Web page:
The taking of game is an entirely different matter. A true sportsman is honor bound to drop his noble prey with one shot. On a large animal, the one shot kill zone is about the size of an eight inch diameter circle. Therefore, to ensure the greatest probability of a one shot kill, the hunter must be capable of hitting an eight inch diameter target -- each and every time -- from improvised field positions, at unknown ranges, under time pressure. The maximum range at which the most distinguished shooter is capable of guaranteed hits under such conditions is surprisingly close -- 250 yards. Those who are uninformed may scoff at a maximum range of 250 yards and claim that they once shot game out to 600 yards. Their claim of taking game at such extreme distances may be true (likely exaggerated) but could they do it again? Could they do it every time? Have they ever done it since? The answer is no.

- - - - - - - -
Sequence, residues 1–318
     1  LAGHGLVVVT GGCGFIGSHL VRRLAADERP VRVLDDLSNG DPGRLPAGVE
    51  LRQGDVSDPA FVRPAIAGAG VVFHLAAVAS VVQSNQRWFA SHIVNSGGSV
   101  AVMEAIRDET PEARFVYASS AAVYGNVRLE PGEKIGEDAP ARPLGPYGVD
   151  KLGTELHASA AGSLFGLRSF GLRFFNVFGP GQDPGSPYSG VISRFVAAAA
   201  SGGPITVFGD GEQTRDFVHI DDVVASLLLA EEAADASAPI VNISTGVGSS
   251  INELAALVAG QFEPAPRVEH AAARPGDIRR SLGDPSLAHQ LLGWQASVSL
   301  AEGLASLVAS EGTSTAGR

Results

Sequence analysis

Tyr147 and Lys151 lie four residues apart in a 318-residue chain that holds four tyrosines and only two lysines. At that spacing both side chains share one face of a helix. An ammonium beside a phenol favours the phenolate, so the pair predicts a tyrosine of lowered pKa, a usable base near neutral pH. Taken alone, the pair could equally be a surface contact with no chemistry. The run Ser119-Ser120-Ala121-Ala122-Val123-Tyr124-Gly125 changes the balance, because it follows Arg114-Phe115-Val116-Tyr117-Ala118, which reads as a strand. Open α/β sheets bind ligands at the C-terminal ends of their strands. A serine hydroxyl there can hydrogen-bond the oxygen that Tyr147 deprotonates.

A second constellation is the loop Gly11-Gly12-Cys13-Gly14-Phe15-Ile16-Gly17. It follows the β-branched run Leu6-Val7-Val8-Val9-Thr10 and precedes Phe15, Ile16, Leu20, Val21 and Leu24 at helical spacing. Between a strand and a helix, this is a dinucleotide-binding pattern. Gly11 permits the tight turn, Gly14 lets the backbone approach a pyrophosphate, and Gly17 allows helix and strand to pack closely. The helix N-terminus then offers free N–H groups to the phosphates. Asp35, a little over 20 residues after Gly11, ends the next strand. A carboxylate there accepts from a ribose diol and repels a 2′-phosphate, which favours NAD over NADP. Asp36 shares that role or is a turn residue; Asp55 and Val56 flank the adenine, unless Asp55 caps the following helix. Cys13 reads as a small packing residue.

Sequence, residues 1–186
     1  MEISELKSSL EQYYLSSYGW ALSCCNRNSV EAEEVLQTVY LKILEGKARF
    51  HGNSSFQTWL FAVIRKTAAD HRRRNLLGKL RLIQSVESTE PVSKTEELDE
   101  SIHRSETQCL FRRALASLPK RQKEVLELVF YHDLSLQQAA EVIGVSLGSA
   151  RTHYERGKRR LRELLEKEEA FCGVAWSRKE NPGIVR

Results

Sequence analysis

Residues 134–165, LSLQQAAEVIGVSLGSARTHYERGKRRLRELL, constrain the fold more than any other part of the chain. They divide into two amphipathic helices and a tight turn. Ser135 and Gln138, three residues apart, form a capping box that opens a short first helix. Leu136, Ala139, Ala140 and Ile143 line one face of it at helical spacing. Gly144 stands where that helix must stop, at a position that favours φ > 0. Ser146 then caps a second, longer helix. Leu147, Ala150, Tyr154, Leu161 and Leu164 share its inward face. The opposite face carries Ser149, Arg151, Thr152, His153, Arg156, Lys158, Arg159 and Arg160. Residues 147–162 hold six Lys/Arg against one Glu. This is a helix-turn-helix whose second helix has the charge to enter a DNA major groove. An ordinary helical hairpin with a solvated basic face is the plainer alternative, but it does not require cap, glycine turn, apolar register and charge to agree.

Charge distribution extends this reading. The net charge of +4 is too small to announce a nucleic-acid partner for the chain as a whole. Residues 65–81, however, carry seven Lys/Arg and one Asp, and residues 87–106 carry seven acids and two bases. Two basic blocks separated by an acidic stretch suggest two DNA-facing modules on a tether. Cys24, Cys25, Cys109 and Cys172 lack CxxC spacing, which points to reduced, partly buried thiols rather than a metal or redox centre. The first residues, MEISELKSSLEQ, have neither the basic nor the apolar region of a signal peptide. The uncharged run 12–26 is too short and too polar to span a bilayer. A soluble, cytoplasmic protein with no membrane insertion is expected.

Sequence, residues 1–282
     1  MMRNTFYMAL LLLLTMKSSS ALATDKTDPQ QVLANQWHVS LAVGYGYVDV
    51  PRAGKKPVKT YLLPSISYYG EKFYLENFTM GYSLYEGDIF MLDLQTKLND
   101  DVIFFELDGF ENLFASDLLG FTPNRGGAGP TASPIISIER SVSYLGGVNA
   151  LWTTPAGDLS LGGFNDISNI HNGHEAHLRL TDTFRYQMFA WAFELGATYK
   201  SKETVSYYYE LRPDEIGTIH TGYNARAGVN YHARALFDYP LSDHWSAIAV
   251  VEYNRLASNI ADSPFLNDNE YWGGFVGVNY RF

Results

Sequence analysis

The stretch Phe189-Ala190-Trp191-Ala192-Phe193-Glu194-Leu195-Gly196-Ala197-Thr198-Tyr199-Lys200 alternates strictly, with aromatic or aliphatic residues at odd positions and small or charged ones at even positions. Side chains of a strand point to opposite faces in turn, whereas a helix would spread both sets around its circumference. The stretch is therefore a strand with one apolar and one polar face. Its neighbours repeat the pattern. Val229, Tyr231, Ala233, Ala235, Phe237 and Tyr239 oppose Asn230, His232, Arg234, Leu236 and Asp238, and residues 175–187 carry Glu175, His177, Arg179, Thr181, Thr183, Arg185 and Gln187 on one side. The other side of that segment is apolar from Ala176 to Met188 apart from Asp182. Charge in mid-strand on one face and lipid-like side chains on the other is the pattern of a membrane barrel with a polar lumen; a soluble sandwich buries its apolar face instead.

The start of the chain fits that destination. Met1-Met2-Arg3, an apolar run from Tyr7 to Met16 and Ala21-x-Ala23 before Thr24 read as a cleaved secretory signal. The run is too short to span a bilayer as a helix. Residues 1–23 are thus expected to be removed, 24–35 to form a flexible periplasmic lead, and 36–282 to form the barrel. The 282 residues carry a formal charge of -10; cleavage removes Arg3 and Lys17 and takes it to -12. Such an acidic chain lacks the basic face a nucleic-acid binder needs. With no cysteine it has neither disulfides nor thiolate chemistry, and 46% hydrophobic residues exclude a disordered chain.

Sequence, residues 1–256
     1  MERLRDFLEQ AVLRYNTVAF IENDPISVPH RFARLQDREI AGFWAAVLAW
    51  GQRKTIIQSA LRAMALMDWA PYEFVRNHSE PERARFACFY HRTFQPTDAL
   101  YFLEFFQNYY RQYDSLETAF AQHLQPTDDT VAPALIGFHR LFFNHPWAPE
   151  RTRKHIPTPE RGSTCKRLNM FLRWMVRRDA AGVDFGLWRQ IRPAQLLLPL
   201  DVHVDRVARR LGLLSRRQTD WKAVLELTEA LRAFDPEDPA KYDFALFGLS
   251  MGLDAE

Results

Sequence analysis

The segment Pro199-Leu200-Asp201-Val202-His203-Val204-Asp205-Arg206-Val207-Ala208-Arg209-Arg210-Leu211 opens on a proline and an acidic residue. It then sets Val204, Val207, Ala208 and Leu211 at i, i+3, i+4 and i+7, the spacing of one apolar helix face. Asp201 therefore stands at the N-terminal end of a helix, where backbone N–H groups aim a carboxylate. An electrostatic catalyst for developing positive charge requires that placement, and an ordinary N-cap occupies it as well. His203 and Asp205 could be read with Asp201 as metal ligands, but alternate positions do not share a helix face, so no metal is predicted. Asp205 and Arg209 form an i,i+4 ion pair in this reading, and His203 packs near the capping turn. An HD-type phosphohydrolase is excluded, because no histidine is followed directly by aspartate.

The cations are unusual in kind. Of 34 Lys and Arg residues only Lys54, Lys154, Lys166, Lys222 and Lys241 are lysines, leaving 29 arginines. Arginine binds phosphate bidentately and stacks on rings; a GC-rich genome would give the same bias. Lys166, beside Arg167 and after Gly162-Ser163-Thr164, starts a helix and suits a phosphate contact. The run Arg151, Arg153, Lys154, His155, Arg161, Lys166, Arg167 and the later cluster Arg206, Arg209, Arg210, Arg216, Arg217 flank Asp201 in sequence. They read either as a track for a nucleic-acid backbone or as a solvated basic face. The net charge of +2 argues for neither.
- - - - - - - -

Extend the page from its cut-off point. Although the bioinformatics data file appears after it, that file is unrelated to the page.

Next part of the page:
It is not what you may have done once that counts, but rather what you can consistently do on demand that measures your worth.
Examining a few of the factors involved in long range shooting will clearly demonstrate why 250 yards is pushing the maximum distance for guaranteed shot placement in the field.
Modern hunting rifles have inherent accuracy which allows benchvise groups of one inch or less at 100 yards. The inexperienced shooter may mistakenly assume that the rifle will shoot two inches at 200, three inches at 300... ten inches at 1000 yards. In reality, group size does not increase in straight line proportion to distance, but rather increases in slow geometric proportion to distance. In other words, the group sizes flares with distance. As an example: 1 inch at 100 may expand to 2.4 inches at 200, which becomes 4.5 inches at 300, enlarging to 6 inches at 400...36 inches at 1000 yards.